An example of a paradox is when Mildred’s friend Mrs. Bowles says that the poetry Montag reads is silly, when in fact it was so beautiful that it drove them to tears.
A paradox is a contradictory statement or situation. It is when something is illogical, invalid, or contradicts itself.
One of the main tenets of Montag’s society is that they have eliminated books because they do not need them. The universities closed due to lack of enrollment. Captain Beatty explained to Montag that books make people think, and they do not want to think. They have all they need with their television, and their lives are complete.
When Montag reads “Dover Beach” to the women, he pretty much blows that argument out of the water. The entire incident proves that their society has been sold a bill of goods. They do need poetry, and books, and emotions. They have just been suppressing them. This simple poem is too much for Mrs. Phrmps too bear. When Montag reads it, she bursts into tears.
I knew it would happen! I've always said, poetry and tears, poetry and suicide and crying and awful feelings, poetry and sickness; all that mush! Now I've had it proved to me. You're nasty, Mr. Montag, you're nasty!" (Part II, p. 97)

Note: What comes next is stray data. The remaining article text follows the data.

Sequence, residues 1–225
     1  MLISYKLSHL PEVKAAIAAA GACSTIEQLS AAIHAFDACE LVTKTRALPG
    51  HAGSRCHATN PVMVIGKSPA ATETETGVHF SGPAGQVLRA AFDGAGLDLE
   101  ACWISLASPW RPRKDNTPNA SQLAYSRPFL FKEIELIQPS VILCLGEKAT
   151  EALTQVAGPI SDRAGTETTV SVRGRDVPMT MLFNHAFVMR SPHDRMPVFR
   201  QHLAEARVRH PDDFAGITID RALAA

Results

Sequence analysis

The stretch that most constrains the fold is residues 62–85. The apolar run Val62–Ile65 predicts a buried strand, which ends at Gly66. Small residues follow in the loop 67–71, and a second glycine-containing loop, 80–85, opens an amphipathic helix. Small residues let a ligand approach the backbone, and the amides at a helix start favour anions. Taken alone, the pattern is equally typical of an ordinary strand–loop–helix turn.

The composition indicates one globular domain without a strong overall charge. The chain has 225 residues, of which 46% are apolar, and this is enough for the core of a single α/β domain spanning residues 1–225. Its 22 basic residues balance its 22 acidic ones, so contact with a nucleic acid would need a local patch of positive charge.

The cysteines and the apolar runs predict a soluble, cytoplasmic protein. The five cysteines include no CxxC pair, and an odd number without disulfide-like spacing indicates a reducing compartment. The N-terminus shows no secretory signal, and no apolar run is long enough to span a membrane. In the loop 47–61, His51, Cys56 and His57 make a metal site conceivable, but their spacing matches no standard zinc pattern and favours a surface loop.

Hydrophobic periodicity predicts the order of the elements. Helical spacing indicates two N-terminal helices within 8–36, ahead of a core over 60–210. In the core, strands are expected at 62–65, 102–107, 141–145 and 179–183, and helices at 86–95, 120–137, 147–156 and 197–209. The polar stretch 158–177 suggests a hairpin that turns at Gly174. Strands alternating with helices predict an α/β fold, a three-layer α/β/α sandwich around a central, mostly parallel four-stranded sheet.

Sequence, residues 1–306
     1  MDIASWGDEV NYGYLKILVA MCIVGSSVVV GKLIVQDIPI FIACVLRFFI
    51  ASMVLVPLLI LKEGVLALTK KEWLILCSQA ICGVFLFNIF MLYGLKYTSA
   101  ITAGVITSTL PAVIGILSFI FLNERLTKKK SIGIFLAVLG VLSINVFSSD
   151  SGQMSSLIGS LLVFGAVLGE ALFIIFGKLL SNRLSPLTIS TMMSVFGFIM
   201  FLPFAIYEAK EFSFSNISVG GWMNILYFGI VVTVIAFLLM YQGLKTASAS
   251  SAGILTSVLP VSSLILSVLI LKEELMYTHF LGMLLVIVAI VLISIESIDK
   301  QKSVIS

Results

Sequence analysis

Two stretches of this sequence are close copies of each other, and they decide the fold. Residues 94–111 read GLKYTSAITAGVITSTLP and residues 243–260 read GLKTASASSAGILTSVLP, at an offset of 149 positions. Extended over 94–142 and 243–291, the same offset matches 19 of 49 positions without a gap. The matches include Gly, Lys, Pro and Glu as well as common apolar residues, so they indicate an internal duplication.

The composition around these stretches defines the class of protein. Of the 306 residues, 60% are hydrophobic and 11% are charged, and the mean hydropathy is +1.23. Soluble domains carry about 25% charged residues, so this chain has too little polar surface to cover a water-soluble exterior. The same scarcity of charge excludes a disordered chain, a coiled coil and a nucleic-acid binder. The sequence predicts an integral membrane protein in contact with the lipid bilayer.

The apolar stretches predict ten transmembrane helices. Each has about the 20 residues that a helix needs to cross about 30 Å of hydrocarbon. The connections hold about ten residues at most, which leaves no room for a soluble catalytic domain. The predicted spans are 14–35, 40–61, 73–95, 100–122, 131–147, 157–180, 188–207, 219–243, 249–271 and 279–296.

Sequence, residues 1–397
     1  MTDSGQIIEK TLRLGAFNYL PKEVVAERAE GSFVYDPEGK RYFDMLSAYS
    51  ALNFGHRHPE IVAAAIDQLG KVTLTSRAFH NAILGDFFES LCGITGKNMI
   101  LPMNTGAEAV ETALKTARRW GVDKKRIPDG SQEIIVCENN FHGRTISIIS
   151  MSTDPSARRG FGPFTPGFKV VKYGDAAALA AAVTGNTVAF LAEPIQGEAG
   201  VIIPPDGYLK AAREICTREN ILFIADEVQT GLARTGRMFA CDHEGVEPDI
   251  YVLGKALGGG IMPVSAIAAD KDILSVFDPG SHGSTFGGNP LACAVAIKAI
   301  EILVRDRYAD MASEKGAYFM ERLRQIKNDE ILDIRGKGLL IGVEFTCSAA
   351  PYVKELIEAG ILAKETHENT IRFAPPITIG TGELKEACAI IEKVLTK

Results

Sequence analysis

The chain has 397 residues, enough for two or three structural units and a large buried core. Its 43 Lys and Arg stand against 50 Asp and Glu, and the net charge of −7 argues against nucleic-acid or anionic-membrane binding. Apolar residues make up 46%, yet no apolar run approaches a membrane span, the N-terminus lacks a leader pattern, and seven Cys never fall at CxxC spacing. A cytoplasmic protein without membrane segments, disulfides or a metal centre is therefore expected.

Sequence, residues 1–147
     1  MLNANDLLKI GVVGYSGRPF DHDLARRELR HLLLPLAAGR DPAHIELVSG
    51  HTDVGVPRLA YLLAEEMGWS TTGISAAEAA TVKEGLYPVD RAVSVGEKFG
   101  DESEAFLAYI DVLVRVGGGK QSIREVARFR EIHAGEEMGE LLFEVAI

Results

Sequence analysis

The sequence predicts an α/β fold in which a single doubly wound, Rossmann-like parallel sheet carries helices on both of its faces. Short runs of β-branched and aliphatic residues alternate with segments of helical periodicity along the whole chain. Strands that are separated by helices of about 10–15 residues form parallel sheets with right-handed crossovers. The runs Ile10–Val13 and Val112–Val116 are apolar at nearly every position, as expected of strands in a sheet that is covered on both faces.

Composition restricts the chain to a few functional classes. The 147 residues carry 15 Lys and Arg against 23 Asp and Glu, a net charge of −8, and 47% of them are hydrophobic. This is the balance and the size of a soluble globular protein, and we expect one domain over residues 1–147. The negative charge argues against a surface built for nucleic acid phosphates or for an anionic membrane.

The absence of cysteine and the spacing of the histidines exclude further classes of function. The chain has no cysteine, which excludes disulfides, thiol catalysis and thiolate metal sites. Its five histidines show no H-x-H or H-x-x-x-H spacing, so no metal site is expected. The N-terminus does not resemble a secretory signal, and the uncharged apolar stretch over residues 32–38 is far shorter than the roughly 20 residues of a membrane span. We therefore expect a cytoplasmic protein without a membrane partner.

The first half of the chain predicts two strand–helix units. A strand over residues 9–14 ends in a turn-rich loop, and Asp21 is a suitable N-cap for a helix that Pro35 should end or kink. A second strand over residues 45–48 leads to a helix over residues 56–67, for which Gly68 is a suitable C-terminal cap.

Her statement is paradoxical because she is basically disproving her own point. She says that poetry is silly in one sentence, and calls nasty in the next. Mrs. Phelps is crying because of the pure emotion of it.
Montag wanted to see if books have power. They clearly do. He exposed himself and put himself and them in danger by reading to the ladies. He also greatly confused them, because they are not used to poetry and books. They live in an illiterate society where culture is nothing but mind-numbing television.
There are different versions of the book, but this is near the end of Part II.